Colorism in Haiti!!!


Let me start by saying that I wrote a much more “politically correct”, academic and verbose version of this article. It started off with a disclaimer that this isn’t about the tiresome #teamdarkskin vs. #teamlightskin Twitter battles, and even mentioned the historical context of colorism. It then evolved into – as one editor friend so nicely put it- [an article about a] “possibly insecure girl complaining about her inner feelings of exclusion”. While that seems harsh, it was an honest and necessary critique. I wanted to write an anecdote about colorism in Haitian society but felt the need to spare other people’s feelings. I didn’t want anyone to interpret my words as some sort of battle cry for all dark skin women in Haiti to pick up arms, so I talked about how I felt growing up. But in doing so, I was dishonest and excused a societal norm by using my teenage insecurities as a scapegoat. This is the more honest version.

Recently I was scrolling through the Instagram page of this popular restaurant in Pétion-Ville and couldn’t help but notice the lack of darker Brown faces. I saw plenty of grimo (mulatto) and White NGO “workers”. They even threw in a picture of Ben Stiller and Sean Penn for good measure. But the only flecks of dark Brown that I saw on the screen as I scrolled down their feed were the candid shots of the servers bustling around the restaurant. And guys, I totally get it! They’re trying to promote their restaurant as an upscale, posh establishment where all the stars hang out, and apparently that means using only fairer skin people on their social media account. So just to make sure we’re on the same page: Dark brown people = “servers”, light brown people = “ok, but not ideal”, Grimo (mulatto) = “better”, White person = “much better”, Celebrity = “Ding, ding, ding! We have a winner’’. At least that’s what this particular restaurant seems to be trying to convey.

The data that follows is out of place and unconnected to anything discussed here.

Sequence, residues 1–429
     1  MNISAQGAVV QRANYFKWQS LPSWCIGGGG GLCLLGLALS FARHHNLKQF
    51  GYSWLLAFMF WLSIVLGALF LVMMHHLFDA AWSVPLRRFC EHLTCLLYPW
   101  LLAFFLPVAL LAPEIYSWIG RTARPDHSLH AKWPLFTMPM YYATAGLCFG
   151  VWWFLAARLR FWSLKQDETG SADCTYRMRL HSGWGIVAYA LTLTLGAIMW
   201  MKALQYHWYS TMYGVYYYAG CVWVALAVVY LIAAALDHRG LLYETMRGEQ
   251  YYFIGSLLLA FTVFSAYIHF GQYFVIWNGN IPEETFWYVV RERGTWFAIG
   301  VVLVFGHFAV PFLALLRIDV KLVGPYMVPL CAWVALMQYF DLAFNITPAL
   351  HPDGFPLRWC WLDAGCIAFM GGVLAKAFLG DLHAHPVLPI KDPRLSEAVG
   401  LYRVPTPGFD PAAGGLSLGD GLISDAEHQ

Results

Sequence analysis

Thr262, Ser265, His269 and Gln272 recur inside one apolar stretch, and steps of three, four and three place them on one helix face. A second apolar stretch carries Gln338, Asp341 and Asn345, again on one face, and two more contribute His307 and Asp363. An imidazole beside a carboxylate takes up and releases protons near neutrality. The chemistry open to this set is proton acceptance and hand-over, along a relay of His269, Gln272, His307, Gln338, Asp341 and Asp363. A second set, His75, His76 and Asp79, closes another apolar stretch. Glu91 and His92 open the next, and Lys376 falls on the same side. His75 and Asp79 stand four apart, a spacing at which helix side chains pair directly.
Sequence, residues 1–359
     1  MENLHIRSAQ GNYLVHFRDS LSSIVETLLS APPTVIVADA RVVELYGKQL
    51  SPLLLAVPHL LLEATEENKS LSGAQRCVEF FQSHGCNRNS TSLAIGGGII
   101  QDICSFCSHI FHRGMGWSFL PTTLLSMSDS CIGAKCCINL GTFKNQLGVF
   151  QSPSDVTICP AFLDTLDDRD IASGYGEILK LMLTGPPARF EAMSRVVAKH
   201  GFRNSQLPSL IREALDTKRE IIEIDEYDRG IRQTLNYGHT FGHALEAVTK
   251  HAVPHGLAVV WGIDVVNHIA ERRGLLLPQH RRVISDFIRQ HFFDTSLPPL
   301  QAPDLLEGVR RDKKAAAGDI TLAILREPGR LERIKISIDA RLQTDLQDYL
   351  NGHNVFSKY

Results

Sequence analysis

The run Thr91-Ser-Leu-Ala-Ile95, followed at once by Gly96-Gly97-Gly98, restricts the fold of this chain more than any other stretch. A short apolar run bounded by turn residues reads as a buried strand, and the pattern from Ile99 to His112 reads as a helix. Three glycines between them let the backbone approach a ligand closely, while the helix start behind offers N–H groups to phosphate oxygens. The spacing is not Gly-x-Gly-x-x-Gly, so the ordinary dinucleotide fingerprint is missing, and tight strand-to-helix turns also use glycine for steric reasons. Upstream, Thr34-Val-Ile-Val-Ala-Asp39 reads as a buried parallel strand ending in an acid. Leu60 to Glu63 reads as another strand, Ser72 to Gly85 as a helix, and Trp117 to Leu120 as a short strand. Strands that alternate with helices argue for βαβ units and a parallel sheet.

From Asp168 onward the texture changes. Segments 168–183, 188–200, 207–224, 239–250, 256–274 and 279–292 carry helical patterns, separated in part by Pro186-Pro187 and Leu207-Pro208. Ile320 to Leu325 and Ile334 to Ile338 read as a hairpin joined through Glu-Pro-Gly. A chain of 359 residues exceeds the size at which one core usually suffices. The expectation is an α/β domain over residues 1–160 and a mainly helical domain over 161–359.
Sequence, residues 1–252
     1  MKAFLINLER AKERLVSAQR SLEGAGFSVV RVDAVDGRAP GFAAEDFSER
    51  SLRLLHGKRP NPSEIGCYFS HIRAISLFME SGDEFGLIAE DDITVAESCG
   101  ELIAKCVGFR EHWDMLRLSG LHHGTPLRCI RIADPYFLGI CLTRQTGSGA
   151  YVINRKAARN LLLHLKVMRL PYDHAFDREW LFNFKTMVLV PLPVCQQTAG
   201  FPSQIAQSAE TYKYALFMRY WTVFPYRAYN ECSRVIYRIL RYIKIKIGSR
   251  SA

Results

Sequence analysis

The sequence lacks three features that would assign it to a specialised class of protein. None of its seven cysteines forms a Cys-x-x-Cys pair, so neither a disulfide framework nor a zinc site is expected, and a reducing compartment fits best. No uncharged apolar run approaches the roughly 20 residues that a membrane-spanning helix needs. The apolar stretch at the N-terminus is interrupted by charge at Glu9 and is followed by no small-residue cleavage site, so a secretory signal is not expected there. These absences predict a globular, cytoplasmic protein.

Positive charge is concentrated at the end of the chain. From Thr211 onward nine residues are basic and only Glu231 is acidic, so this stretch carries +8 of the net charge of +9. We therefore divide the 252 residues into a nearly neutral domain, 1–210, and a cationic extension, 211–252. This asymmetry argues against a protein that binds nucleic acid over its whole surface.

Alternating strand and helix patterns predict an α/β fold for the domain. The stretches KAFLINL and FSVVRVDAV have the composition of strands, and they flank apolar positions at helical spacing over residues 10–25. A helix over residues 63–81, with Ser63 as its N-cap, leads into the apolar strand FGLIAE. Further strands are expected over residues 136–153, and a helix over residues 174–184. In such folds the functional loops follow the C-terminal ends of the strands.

Now before we call in the protest squad, let me say that this restaurant isn’t unique in their marketing strategy. Frankly, they were being honest about what’s reflected in Haiti’s upper echelon. If you’re a member of the Haitian diaspora, buy an [outrageously] expensive ticket to come to Haiti for the holidays, then purchase an [even more outrageously] expensive ticket to a party or pwogram and look around. Odds are, if you look like me, aka dark skin, it may seem like you’re in the minority. If you have natural hair or tèt grenn, then forget about it. You’re basically a pauper who somehow got invited to the prince’s ball and clearly doesn’t fit in.

Here’s what you might observe. You might notice a sea of beautiful, fair to light brown skin, men and women dressed to the nines, pulling up in expensive vehicles. You may notice that these beautiful people are buying overpriced drinks with mommy and daddy’s money. You may also notice that they’re [probably] 16. Because [most] people over the age of 21, don’t/shouldn’t pay $20 for a well drink. So newsflash, you’re being ripped off! (PS: a well drink is a drink made with bottom shelf liquor, meaning the cheaper stuff. Just in case you didn’t know)